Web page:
COFs are generally composed of light elements such as B, H, C, N and O, and have the advantages of light weight and low density. The orderly connection between the organic units ensures that COFs have the characteristics of uniform pores, high specific surface area and high crystallinity. The covalent bonds connecting COFs endow COFs with high temperature resistance, but the different covalent bonds of COFs make COFs different in other chemical stability. For boric acid-based COFs, although the empty p orbitals of boron in the BO covalent bond are conjugated with adjacent oxygen atoms and benzene ring, they are still vulnerable to moderate nucleophilic attacks, causing the hydrolysis of B-O covalent bond, which in turn leads to the collapse of its pores. In addition to boric acid COFs, COFs connected by other covalent bonds have good chemical stability in harsh environments such as general organic solvents, water, acids and alkalis. For example, Uribe-Romo et al. synthesized the imine COFs (COF-300) for the first time. COF-300 is insoluble in water and common organic solvents and can maintain permanent porosity. Based on the irreversibility of enol-keto-tautomerism, Kandambeth et al. successfully synthesized keto-enamine COFs (TpPa-1 and TpPa-2) with good chemical stability in water, strong acid and strong base environments.
Figure 1. Schematic diagram of COFs formation.
Because of COFs' excellent characteristics, it has broad application prospects in the fields of gas adsorption, catalysis, drug delivery, organic electronic devices, and selective molecular sieve films. The current research progress of drug delivery has successfully demonstrated the great potential of COFs in the field of drug delivery. In 2015, Fang et al. applied COFs to the field of drug delivery for the first time, and designed and synthesized two 3D polyimide COFs (PI-COF-4, PI-COF-5). Among them, the two PI-COFs showed high loadings for ibuprofen (IBU), 24% (mass fraction) and 20% (mass fraction), respectively. After 12 h, the IBU releases of the two PI-COFs reached 60% and 49%. In 2016, Bai et al. loaded the anticancer drug 5-fluorouracil (5-FU) with synthetic PI-COF-3 and PI-COF-2 as carriers. The loading of 5-FU in 5-FU@ PI-COFs reaches 30% (mass fraction) and has good dispersibility in water. The survival rate of normal cells in 5-FU@ PI-COFs medium is as high as 80%, indicating that 5-FU@ PI-COFs has good biocompatibility. The survival rate of breast cancer cells (MCF-7 cells) placed in 5-FU@ PI-COFs-treated medium after 24 h is 40%, and after 48 h it is 10%, indicating 5-FU@ PI-COFs Has good drug release efficiency. Vyas et al. synthesized imine COFs (TTI-COF) with triazine structure, and successfully loaded quercetin on TTI-COF through the interaction between quercetin and the hydrogen bond in the TTI-COF imine bond. Studies have shown that TTI-COF loaded with quercetin can more effectively inhibit the growth of cancer cells, and TTI-COF does not produce any cytotoxicity to normal cells. In 2017, Mitra et al. performed three consecutive post-modifications on the synthesized TpASH, which weakened the π-π stacking effect between layers, and successfully peeled off TpASH into covalent organic nanosheets (TpASH-FA). TpASH-FA shows good targeted drug delivery function and has good dispersibility in water.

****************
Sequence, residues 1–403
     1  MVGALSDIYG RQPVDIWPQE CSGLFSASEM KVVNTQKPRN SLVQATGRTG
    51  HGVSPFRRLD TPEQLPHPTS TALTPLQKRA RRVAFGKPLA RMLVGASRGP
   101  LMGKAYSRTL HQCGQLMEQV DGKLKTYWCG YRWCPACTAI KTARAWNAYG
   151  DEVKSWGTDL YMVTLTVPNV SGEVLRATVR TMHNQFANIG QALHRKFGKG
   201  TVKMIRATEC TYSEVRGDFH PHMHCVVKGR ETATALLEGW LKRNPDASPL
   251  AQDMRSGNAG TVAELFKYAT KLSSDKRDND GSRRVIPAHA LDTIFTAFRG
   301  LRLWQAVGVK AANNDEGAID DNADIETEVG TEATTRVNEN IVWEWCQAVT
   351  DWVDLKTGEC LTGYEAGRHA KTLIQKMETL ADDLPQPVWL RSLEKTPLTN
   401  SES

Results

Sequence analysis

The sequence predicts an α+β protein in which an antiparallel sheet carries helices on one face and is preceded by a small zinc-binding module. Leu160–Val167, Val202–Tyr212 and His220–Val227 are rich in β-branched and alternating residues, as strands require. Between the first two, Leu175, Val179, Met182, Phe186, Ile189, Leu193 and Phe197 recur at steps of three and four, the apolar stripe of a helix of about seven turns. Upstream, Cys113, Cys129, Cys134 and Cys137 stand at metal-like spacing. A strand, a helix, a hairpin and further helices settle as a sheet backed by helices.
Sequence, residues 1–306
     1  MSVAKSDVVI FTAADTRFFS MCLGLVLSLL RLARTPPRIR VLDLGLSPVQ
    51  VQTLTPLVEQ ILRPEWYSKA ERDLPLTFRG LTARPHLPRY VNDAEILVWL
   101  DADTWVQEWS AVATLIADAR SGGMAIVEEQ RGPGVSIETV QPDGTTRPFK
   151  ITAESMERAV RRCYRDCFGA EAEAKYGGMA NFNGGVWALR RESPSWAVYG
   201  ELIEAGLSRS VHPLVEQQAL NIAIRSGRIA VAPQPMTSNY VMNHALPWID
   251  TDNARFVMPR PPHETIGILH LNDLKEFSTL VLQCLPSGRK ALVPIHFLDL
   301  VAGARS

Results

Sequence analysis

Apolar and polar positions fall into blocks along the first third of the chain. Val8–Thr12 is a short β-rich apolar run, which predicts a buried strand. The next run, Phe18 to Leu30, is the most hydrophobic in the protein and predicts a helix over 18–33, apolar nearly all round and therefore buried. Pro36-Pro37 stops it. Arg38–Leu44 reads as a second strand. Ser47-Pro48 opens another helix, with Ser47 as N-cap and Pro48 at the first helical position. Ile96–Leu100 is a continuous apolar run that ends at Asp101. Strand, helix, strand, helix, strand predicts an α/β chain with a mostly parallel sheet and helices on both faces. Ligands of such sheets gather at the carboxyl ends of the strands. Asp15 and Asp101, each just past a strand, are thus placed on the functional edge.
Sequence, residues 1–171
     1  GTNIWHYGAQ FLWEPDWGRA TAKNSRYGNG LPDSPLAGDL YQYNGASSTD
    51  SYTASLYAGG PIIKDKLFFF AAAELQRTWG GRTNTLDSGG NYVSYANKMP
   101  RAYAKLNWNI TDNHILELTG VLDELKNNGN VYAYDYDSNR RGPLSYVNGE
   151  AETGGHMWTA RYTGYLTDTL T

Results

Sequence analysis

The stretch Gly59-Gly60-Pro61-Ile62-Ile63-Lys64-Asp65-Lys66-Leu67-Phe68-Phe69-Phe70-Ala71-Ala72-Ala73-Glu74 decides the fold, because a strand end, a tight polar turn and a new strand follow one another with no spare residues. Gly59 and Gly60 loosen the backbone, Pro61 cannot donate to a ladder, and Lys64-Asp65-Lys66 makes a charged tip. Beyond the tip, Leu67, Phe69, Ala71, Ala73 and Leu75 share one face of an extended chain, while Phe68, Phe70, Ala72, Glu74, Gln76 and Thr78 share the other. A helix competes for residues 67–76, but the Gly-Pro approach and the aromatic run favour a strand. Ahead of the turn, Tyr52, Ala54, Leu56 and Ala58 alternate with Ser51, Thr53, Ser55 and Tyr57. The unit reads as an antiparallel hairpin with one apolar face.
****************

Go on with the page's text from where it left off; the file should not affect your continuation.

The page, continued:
1. Cote A P, et al.; Porous, Crystalline, Covalent Organic Frameworks. Science. 2005, 310( 5751): 1166-70．
2. Kuhn P, et al.; Porous, covalent triazine-based frameworks prepared by ionothermal synthesis. Angew Chem Int Ed Engl. 2008, 47(18):3450-3.
3. Feng X, et al.; Covalent organic frameworks. Chem Soc Rev. 2012, 41(18):6010-22.
4. Uribe-Romo FJ, et al.; A crystalline imine-linked 3-D porous covalent organic framework. J Am Chem Soc. 2009, 131(13):4570-1.
5. Uribe-Romo FJ, et al.; Crystalline covalent organic frameworks with hydrazone linkages. J Am Chem Soc. 2011, 133(30):11478-81.
6. Fang Q, et al.; 3D Porous Crystalline Polyimide Covalent Organic Frameworks for Drug Delivery. J Am Chem Soc. 2015, 137(26):8352-5.
7. Bai L, et al.; Nanoscale covalent organic frameworks as smart carriers for drug delivery. Chem Commun (Camb). 2016, 52(22):4128-31.
8. Mitra S, et al.; Targeted Drug Delivery in Covalent Organic Nanosheets (CONs) via Sequential Postsynthetic Modification. J Am Chem Soc. 2017, 139(12):4513-4520.
9. Kandambeth S, et al.; Construction of crystalline 2D covalent organic frameworks with remarkable chemical (acid/base) stability via a combined reversible and irreversible route. J Am Chem Soc. 2012, 134(48):19524-7.
Drug Delivery Nanoparticles Formulation
Bioparticles Analysis and Characterization
Bioactive Particles & Fillers Production
Functional Biomedical Coatings